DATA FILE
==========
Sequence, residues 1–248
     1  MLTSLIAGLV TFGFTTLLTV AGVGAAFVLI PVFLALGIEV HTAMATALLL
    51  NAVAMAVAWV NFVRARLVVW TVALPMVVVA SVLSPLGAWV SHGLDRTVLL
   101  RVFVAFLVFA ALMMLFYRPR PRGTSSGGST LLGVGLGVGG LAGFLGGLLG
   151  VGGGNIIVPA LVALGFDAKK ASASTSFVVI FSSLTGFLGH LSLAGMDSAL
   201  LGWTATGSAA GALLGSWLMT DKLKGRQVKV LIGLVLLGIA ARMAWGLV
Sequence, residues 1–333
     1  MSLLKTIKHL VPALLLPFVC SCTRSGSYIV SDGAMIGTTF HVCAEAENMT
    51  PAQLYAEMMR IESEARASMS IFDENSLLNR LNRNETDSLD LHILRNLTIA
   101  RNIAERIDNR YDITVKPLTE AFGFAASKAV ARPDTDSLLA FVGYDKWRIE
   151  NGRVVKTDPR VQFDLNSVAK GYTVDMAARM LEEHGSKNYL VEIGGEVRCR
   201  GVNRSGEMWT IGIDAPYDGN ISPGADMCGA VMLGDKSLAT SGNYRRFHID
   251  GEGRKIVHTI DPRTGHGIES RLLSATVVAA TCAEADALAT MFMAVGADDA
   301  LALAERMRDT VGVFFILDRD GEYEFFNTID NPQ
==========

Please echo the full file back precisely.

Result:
Sequence, residues 1–248
     1  MLTSLIAGLV TFGFTTLLTV AGVGAAFVLI PVFLALGIEV HTAMATALLL
    51  NAVAMAVAWV NFVRARLVVW TVALPMVVVA SVLSPLGAWV SHGLDRTVLL
   101  RVFVAFLVFA ALMMLFYRPR PRGTSSGGST LLGVGLGVGG LAGFLGGLLG
   151  VGGGNIIVPA LVALGFDAKK ASASTSFVVI FSSLTGFLGH LSLAGMDSAL
   201  LGWTATGSAA GALLGSWLMT DKLKGRQVKV LIGLVLLGIA ARMAWGLV
Sequence, residues 1–333
     1  MSLLKTIKHL VPALLLPFVC SCTRSGSYIV SDGAMIGTTF HVCAEAENMT
    51  PAQLYAEMMR IESEARASMS IFDENSLLNR LNRNETDSLD LHILRNLTIA
   101  RNIAERIDNR YDITVKPLTE AFGFAASKAV ARPDTDSLLA FVGYDKWRIE
   151  NGRVVKTDPR VQFDLNSVAK GYTVDMAARM LEEHGSKNYL VEIGGEVRCR
   201  GVNRSGEMWT IGIDAPYDGN ISPGADMCGA VMLGDKSLAT SGNYRRFHID
   251  GEGRKIVHTI DPRTGHGIES RLLSATVVAA TCAEADALAT MFMAVGADDA
   301  LALAERMRDT VGVFFILDRD GEYEFFNTID NPQ